ARTWALL is proposed as an improvement for the building, whose utilitarian purpose results in a hugely oppressive presence that is essentially a flat-face block of concrete 425 ft. wide (east-west), 80 ft. high, and 250 ft. deep (south-north). Visually, it is hardly more than a slab. It’s an example of the architecture that results when automobiles are placed at the top of priority lists; as planning requires developers to include space to store cars instead of requiring developers to contribute to the improvement of public transit systems that might lessen automobile traffic and congestion.

    To soften the building, I’ve proposed a set of picture frames for display of modern art prints, digital photographs, and enlarged film-still photographs. These frames off-set the flat rectilinear shape of the structure, echoing and enhancing the parsimoniously, if not halfheartedly, designed pipe-frame device that presently supports a steel mesh screen intended to hide the ugly open slots of the seven-level auto-lot. At night, the steel mesh is ineffective. Through the darkness, the neighborhood is given the bleak view of fluorescent-tube light fixtures and flashing headlights as cars idle in procession down the parking structure’s ramps.

    The building sits on the northern edge of what will be the Academy of Motion Pictures Arts and Science’s new “Academy Museum of Motion Pictures”. The museum coordinator, Heather Cochran, agrees it’s a problem as it stands.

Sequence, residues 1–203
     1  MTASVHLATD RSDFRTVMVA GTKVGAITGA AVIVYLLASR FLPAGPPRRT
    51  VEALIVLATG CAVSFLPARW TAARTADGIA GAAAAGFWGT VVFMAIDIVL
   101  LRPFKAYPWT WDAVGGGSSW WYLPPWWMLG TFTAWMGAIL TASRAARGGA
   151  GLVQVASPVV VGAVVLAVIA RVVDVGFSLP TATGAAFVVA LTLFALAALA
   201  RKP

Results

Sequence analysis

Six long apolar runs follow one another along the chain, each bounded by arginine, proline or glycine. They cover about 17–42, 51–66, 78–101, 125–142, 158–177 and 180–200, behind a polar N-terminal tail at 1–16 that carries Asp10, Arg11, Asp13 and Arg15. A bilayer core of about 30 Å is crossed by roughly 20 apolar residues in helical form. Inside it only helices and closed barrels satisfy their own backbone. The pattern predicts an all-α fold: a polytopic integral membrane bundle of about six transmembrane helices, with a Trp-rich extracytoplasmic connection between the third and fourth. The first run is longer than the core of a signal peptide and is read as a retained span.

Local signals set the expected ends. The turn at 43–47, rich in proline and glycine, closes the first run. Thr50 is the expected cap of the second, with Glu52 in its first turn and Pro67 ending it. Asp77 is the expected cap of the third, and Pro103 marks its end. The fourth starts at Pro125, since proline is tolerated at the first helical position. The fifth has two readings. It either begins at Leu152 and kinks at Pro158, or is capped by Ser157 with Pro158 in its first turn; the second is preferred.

Part of the resistance I’m getting to my proposal results from CRA’s hesitancy; a direct outgrowth of the billboard debate which, if I’m not mistaken, has to do with the justified objection to the crass commercialism, built on outrageous and prurient spectacle, that has become the hallmark of advertising in the early 21st century.

    Somehow, the debate over billboard blight has to be prevented from being used by bureaucrats as a convenient way to reject genuine artistic expression. The two can’t be lumped together and it’s the responsibility of artists to make themselves heard. Until then, murals and other public art projects will continue to meet resistance from appointed officials afraid to distinguish between the two.

    I feel the solution to the problem of billboard blight is caused by artists failing to be heard on the issue. In fact, there are new digital technologies that represent a potential solution to the conflict between neighborhoods tired of being assaulted by aggressive messaging and the corporations who tie their success to the ability to most effectively assault the public’s senses. If all that makes art worthy could be applied, instead; if through an aesthetic melding of composition, form, light, and color a new way could be devised to tone down and/or re-intermediate the commercial messaging, then all of us would be the better, one day hopefully unified.

    For divided we fall and together we stand.

    I welcome any comment.

    Rafael O. Quezada